QU Earth Day speaker sheds light on sustainability efforts in Connecticut
By Rob McGreevy
In honor of Earth Day, on April 20 Quinnipiac University’s Student Programming Board invited Mark Robbins, president of MHR Development, to speak in conjunction with other Earth Day related events.
The event opened with an Earth Day fashion show, where models wore eco-friendly garb, and finished with a speech about the role of buildings in relation to environment sustainability.
Robbins talked about his company, which works to improve buildings, and what it does for the environment.
He spoke about the importance of energy efficient buildings and shed some light on how much buildings contribute to climate change.
“Greenhouse gases are emitted into the atmosphere when we burn fossil fuels – oil and gas – to create electricity.” Robbins said. “These buildings consume 40 percent of the electricity emitted.”
Robbins made an indirect connection between the electricity consumed and the carbon dioxide levels in the atmosphere.
“Buildings are responsible for 40 percent of the national carbon dioxide emissions,” Robbins said. “People say ‘why are buildings emitting carbon?’ well it’s not the buildings that are emitting carbon, but the operation of these facilities – the heating and the cooling of the buildings is coming from power plants that are directly emitting carbon, and also heating the atmosphere.”
MHR has worked on a number of significant projects in Connecticut such as Windermere on the Lake, a 80-acre site in North Stamford. It was originally supposed to be subdivided into multiple housing complexes until MHR stepped in. Robbins said, “it’s a very important site from an ecological perspective.”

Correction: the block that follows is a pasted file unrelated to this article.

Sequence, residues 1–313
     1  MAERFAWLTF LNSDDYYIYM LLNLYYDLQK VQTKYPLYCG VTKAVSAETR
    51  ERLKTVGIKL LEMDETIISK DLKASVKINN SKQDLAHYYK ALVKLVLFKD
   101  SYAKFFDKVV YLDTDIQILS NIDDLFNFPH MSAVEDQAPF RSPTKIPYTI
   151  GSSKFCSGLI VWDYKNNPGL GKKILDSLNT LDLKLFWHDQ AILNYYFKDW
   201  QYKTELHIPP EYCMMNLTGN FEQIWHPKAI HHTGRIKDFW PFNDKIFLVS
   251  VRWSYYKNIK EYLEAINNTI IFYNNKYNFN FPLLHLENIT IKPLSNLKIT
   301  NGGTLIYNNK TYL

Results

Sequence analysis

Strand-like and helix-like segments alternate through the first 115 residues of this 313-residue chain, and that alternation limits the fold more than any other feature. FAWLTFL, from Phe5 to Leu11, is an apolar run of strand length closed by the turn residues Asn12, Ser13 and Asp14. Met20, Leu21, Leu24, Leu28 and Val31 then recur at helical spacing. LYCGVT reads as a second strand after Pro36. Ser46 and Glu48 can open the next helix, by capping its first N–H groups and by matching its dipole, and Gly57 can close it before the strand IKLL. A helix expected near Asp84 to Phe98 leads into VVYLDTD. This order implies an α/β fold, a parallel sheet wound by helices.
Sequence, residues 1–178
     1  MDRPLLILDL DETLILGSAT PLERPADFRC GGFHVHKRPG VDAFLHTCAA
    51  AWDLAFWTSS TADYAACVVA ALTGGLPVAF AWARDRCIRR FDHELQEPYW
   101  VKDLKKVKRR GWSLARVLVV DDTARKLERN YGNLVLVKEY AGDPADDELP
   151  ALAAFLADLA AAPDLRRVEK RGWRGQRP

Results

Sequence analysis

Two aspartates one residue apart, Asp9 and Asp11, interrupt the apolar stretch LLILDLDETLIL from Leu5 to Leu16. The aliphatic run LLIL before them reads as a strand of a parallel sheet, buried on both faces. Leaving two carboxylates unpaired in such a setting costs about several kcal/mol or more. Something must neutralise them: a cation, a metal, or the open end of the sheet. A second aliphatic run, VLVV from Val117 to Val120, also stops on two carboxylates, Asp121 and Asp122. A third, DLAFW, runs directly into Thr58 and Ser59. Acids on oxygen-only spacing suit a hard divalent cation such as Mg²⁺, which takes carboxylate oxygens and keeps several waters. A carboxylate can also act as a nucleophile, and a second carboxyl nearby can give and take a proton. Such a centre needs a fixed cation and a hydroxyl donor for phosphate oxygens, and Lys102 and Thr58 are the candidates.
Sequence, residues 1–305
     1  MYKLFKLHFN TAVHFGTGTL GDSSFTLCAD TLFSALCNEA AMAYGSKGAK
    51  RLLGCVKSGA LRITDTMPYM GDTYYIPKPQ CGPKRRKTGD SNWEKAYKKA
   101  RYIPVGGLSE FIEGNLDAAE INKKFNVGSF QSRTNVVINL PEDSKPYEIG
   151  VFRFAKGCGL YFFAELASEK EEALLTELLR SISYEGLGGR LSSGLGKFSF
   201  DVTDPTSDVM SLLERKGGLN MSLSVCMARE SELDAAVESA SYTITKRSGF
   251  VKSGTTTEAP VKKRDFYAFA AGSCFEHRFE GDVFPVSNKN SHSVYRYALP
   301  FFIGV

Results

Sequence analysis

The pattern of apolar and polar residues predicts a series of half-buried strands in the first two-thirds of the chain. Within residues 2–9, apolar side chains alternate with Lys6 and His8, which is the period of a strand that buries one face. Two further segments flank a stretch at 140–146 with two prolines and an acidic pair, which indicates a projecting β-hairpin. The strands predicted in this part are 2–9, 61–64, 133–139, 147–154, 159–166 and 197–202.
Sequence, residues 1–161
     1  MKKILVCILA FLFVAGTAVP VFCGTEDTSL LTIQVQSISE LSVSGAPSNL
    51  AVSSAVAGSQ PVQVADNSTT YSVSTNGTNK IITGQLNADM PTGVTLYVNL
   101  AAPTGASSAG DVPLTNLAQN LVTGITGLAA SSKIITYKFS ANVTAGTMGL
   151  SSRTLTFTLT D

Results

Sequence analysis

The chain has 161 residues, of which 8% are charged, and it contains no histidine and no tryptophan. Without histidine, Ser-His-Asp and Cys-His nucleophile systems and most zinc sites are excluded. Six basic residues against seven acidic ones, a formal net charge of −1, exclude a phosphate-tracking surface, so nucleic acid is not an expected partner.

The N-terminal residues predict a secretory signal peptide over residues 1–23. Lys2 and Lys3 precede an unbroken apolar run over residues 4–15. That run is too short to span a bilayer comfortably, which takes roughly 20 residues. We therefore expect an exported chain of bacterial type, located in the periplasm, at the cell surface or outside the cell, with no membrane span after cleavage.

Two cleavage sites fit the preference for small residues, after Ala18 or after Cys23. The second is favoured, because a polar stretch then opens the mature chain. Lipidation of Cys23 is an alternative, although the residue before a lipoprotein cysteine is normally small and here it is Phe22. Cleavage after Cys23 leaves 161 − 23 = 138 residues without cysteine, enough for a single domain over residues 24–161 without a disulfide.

MHR prevented the land from being fragmented.
“We wanted to create (a) meaningful habitat,” Robbins said.
So MHR reduced the size of each dwelling unit, expanded the wetlands and made sure the entire site was an uninterrupted habitat. In addition to the ecological measures, every building on the land was optimized to be as energy efficient as possible. The streetlights are lit by battery storage and every house is equipped with a septic tank that converts the discharge into water that, according to Robbins, “is actually cleaner than rainwater.”
The cost of energy in Connecticut is the second highest in the country because it imports most of its energy. According to Robbins, “we’re not fracking here in Connecticut, we’re not refining oil.”
This high cost, Robbins says, brings hope to clean energy industry in Connecticut.
“When people say we’re thinking about doing LED light bulbs or solar panels or investing in combined heat/power equipment and better insulation, the payback here in Connecticut is astronomically better here than it is in the rest of the country,” Robbins said.